Cloud Gardens is a gentle-looking, gentle-sounding toy in the “chill” genre. It has a pretty good game hung on top, participation in which is largely optional. Noio’s stated aim “to fill you with satisfaction without the frustration” is a motto that’s been observed. Your mileage will vary based on what you find satisfying and what you find frustrating, but the gameplay, the themes, the music, the sound, and the graphics are all of a piece, admirably on-message, and contribute to a unique, bittersweet atmosphere.
Behind the Frame’s mobile roots show, and the Switch’s touchscreen comes into its own. The story didn’t exactly keep us guessing, but went to an interesting place. The graphical art and music are the stars, and the sub-2-hour playtime means they stay fresh to the last. Putting the length and price on one side so you can factor them in for yourself, we really rate the experience here as a piece of art worth getting into.
Arise: A Simple Story sets out to tell a story as a video game but, smartly, doesn’t overestimate the role of gameplay. Inventive level design drives things forward, but faced with the awkward task of demanding platform-jumping in the aftermath an emotional bombshell, it simply lets the musical and visual storytelling seize their moment. It is only a simple story, but well told.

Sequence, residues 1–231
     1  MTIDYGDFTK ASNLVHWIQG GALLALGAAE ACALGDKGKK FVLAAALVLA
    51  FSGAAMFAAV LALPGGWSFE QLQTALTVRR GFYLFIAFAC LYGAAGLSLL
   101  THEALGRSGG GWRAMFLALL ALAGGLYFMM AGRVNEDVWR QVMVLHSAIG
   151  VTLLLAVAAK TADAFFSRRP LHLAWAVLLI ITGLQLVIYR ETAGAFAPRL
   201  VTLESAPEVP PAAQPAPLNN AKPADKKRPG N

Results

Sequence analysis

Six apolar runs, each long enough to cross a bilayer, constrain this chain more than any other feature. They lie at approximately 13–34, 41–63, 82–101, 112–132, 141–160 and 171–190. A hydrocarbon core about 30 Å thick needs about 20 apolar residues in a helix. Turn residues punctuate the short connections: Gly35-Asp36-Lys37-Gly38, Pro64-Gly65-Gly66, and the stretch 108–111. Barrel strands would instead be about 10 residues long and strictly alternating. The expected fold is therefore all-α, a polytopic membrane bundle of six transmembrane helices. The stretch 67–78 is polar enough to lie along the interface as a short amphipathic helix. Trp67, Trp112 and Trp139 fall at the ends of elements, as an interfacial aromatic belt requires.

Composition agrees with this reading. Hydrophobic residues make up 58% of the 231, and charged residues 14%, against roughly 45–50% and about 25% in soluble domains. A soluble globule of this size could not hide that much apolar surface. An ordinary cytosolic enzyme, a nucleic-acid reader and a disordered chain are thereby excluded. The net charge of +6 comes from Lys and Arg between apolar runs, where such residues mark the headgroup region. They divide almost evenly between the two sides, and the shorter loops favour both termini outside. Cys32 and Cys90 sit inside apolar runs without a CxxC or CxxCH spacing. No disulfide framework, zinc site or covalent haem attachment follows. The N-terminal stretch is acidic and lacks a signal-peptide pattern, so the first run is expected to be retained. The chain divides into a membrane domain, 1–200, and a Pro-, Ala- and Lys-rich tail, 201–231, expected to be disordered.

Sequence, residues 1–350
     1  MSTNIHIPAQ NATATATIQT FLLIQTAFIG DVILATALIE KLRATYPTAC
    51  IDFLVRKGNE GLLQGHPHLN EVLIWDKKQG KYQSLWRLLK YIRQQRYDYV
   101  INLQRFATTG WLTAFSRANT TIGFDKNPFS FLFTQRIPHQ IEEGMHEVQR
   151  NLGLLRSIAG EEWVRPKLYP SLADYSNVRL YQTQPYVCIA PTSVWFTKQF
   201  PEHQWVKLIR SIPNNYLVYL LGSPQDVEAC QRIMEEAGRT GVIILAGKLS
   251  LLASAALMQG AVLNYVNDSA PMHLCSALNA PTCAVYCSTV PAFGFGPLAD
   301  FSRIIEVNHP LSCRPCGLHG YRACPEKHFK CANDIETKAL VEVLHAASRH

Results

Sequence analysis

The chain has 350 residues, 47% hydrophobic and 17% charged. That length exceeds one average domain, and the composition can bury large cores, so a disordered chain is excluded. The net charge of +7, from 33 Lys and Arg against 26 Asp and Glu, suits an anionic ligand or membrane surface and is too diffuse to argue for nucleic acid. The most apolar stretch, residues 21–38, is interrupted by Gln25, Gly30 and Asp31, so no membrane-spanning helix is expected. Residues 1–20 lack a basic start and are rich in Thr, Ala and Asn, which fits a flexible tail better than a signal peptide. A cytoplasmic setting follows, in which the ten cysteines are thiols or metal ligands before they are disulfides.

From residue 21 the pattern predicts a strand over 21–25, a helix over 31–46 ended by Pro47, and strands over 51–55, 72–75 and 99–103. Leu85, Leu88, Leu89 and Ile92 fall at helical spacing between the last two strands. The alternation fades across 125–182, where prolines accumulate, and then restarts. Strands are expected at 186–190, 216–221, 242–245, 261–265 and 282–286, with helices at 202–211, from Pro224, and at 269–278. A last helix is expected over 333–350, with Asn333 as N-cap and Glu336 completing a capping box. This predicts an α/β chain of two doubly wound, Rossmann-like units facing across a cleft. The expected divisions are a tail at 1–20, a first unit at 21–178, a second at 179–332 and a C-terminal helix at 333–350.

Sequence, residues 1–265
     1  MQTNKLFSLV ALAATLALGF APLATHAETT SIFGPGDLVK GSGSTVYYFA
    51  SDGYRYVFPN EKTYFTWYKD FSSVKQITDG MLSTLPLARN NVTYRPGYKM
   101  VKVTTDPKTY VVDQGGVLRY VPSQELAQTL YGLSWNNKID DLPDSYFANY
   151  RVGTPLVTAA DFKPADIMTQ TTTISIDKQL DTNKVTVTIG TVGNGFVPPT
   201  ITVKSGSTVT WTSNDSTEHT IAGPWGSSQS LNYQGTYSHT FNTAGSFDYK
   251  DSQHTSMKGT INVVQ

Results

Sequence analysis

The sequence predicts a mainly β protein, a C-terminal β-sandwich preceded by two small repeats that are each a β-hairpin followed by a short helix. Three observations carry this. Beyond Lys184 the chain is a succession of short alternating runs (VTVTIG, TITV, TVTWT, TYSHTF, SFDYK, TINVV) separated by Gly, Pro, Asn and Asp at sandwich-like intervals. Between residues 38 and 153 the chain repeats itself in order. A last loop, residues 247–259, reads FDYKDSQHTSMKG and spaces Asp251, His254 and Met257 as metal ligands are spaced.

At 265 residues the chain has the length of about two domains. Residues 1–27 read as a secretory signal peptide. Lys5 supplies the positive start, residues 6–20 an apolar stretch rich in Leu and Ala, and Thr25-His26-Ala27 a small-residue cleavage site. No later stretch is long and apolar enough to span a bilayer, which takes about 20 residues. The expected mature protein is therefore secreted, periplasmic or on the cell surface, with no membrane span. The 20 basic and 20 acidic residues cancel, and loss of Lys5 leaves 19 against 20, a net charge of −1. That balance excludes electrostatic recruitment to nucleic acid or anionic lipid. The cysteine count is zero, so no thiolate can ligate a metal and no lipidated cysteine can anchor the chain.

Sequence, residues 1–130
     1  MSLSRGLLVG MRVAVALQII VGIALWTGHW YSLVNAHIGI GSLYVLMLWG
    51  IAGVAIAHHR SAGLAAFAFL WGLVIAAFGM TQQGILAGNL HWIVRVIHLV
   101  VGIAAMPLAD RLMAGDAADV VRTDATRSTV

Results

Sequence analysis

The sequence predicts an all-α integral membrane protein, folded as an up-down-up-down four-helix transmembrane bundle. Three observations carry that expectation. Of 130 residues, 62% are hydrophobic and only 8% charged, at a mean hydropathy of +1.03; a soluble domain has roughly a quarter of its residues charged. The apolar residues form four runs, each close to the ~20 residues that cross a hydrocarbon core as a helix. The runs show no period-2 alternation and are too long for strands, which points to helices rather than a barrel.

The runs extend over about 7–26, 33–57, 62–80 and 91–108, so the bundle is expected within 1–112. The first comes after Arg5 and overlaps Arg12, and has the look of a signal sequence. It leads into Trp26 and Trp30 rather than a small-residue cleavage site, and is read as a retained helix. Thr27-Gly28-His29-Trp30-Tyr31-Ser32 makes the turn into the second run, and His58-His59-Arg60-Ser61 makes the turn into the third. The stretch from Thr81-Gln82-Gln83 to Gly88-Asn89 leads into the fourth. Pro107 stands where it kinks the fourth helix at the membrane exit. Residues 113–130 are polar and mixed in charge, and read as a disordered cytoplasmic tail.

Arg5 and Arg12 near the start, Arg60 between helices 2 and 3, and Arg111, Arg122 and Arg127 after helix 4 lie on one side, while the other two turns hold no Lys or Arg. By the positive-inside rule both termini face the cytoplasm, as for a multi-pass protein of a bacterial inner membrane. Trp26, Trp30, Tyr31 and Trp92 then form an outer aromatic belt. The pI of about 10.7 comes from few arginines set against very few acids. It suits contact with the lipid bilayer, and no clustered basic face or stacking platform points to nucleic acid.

Overall, Toodee and Topdee is fantastically imaginative puzzle game with exceptional variety wrung out of its core conceit. It struggles most when it asks for dynamic execution of puzzle solutions, but even then it’s pretty decent. This side-on / top-down puzzler is one that other games should look up to.
In its mission to make you listen to its music, A Musical Story practically hands you a blindfold. The story asks you to relax into its acid-trip jam-session cool, but somewhat harshes the mellow with its insistence on repeating long phrases until they’re perfect. However, it looks and sounds fabulous, and will reward perseverance and repeated plays.
A wonderful experience from the moment you set sail, FAR: Changing Tides builds out the world and gameplay ideas of its predecessor with scale, detail and awesome moments of discovery. Okomotive has started with its original neat mechanic about a left-to-right juggernaut, then taken it in every other direction it could go.
The Artful Escape is a thrill. It's true that the most joyous bits of action are underused – in terms of both playtime and what they could give the story – and some scarce but present graphical issues on Switch are a shame. Overall, though, the strengths are major, the niggles minor, and it will strike a chord with any pipe-dreaming rock star.